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Former Yankees pitcher Jim Bouton, author of 'Ball Four,' dies at 80

Former New York Yankees pitcher Jim Bouton signs

Former New York Yankees pitcher Jim Bouton signs copies of the Associated Press book "New York Yankees 365," in New York, Wednesday, Oct. 7, 2009. The Associated Press, founded in 1846, the same year as the first recorded baseball game was played in Hoboken, N.J., has published a new book chronicling the history of the sport's winningest team, the New York Yankees. (AP Photo/Richard Drew) Credit: AP/Richard Drew

Jim Bouton was an All-Star Yankees pitcher who became more famous as an author, publishing a book that changed the way people looked at baseball and some of its most beloved icons. He died Wednesday at 80, a little more than a year after he enjoyed one last moment of adulation and joy at Yankee Stadium.

Bouton suffered from a dementia-like condition in recent years. So, it meant a lot to him to be invited back — with his wife Paula Kurman and his grandchildren — to the 2018 Yankees Old-Timers’ Day, an event from which he had been pointedly uninvited for many years before a reconciliation in 1998. The club was outraged over stories he told, particularly about Mickey Mantle, in the best-selling 1970 book “Ball Four.”

The book was officially a diary of his comeback as a relief pitcher with the expansion 1969 Seattle Pilots, but it went further and deeper, recalling moments during his early years as a Yankees standout (he was a 20-game winner in 1963 and won two games in the 1964 World Series). He wrote of ballplayers, including Mantle, drinking and carousing, and of how others used amphetamines or “greenies” to prepare for games in the long season.

Its massive readership changed the trajectory of Bouton’s life, sending him onto a second career as a sportscaster on Channel 7 Eyewitness News and Channel 2 in New York. He also was the entrepreneur of Big League, a company that produced chewing gum and baseball cards. He became a personality and celebrity, while enduring exile from the team that signed James Alan Bouton, a New Jersey native, in 1958.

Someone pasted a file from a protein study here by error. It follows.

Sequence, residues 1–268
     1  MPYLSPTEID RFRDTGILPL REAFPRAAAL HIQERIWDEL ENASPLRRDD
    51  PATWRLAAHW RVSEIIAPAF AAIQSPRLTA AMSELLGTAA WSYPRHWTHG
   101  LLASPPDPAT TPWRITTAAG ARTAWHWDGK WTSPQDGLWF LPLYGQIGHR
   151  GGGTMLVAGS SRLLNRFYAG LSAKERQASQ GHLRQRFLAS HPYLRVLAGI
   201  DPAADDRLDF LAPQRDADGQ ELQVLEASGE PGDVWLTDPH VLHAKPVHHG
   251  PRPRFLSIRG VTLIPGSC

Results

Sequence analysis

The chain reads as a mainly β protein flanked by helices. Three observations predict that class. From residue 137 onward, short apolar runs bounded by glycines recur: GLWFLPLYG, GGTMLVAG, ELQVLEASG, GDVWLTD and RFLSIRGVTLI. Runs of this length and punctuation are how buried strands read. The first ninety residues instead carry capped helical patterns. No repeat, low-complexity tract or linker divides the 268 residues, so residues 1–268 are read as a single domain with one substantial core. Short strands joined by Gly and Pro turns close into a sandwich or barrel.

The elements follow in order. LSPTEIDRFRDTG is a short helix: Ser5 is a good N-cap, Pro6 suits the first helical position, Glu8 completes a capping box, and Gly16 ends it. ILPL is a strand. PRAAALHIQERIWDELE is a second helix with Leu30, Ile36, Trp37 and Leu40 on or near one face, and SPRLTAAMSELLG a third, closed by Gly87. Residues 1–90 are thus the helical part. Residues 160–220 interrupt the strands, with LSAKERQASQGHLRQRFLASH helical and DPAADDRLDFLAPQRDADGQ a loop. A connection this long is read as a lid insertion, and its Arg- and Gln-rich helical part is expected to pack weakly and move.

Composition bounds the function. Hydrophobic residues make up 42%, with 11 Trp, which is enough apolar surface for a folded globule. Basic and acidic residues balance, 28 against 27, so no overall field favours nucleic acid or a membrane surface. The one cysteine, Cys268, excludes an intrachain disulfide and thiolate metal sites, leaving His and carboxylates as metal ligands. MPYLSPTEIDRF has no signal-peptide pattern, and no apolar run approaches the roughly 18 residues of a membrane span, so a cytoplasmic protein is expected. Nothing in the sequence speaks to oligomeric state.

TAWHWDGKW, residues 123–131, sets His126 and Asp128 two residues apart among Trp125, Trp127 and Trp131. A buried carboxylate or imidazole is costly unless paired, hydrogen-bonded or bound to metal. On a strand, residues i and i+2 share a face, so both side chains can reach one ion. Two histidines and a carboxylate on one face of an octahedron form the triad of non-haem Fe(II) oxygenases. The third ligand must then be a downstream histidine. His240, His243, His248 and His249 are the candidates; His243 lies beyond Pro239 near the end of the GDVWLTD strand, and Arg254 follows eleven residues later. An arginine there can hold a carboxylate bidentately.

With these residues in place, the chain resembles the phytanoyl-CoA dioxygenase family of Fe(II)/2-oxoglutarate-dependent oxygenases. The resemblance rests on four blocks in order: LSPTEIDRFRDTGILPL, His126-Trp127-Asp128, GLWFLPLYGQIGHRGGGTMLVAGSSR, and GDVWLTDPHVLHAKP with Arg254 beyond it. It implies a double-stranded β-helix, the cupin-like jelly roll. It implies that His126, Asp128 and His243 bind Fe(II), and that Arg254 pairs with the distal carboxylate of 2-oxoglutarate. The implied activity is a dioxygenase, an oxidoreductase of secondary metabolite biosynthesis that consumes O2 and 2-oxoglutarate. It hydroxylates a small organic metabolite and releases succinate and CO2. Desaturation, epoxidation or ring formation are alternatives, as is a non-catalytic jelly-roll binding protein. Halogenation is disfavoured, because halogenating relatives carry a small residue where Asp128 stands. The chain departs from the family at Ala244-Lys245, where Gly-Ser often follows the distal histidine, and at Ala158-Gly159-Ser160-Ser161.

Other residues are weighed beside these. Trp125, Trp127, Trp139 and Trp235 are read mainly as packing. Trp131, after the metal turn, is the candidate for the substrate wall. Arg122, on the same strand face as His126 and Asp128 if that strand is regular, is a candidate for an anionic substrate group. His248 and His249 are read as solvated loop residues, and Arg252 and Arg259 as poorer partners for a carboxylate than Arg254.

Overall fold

He wore No. 56 and had a pitching motion so strenuous that his cap often flew off his head.

A New York Giants fan as a youngster, Bouton was undeterred by an episode in which one of his heroes, Alvin Dark, responded to an autograph request by saying, “Take a hike, kid.” Bouton loved playing baseball so much that he was still pitching recreationally into his 50s. He wrote in “Ball Four” that, while he criticized “Neanderthal aspects” of baseball, “There’s been a tremendous lot of good in it for me and I wouldn’t trade my years in it for anything I can think of.”

His relationship with the Yankees began to thaw in 1994, when he wrote a letter to Mantle offering condolences on the death of a son and congratulations on having the courage to seek alcoholism treatment. In a 1995 interview with Newsday, Bouton said that Mantle left a voice mail telling him “I’m not the reason you’re not invited to Old-Timers’ Day. I’m OK with `Ball Four’ now.” Bouton added in the interview, conducted after Mantle’s death, “"I'm very, very thankful he called me. It really would have been a bad feeling I'd have carried with me the rest of my life if we had never made that contact."

Bouton received a formal “no hard feelings” notice when he finally was invited back to Old-Timers’ Day in 1998. That came after Bouton’s 31-year-old daughter died in a car accident and his son wrote a piece in The New York Times asking the Yankees to open their hearts to the former righthanded pitcher. They did, and he received one of the day’s longest and loudest ovations.

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